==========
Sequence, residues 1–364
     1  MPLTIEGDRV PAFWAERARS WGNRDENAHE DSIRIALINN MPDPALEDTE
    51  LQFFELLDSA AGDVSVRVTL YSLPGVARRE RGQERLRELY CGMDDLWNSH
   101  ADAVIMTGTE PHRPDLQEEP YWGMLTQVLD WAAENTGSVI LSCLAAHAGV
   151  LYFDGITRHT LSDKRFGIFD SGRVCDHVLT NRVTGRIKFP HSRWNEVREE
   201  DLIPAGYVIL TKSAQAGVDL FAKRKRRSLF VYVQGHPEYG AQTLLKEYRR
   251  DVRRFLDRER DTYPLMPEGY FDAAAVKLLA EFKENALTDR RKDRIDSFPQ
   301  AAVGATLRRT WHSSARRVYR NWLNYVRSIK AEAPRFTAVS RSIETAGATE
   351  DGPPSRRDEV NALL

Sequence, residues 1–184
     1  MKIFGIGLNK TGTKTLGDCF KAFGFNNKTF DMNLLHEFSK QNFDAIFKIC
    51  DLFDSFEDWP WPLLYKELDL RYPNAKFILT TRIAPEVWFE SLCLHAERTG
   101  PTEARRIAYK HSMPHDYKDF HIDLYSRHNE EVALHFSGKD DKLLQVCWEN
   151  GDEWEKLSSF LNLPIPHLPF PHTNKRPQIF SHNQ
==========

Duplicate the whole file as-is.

Sequence, residues 1–364
     1  MPLTIEGDRV PAFWAERARS WGNRDENAHE DSIRIALINN MPDPALEDTE
    51  LQFFELLDSA AGDVSVRVTL YSLPGVARRE RGQERLRELY CGMDDLWNSH
   101  ADAVIMTGTE PHRPDLQEEP YWGMLTQVLD WAAENTGSVI LSCLAAHAGV
   151  LYFDGITRHT LSDKRFGIFD SGRVCDHVLT NRVTGRIKFP HSRWNEVREE
   201  DLIPAGYVIL TKSAQAGVDL FAKRKRRSLF VYVQGHPEYG AQTLLKEYRR
   251  DVRRFLDRER DTYPLMPEGY FDAAAVKLLA EFKENALTDR RKDRIDSFPQ
   301  AAVGATLRRT WHSSARRVYR NWLNYVRSIK AEAPRFTAVS RSIETAGATE
   351  DGPPSRRDEV NALL

Sequence, residues 1–184
     1  MKIFGIGLNK TGTKTLGDCF KAFGFNNKTF DMNLLHEFSK QNFDAIFKIC
    51  DLFDSFEDWP WPLLYKELDL RYPNAKFILT TRIAPEVWFE SLCLHAERTG
   101  PTEARRIAYK HSMPHDYKDF HIDLYSRHNE EVALHFSGKD DKLLQVCWEN
   151  GDEWEKLSSF LNLPIPHLPF PHTNKRPQIF SHNQ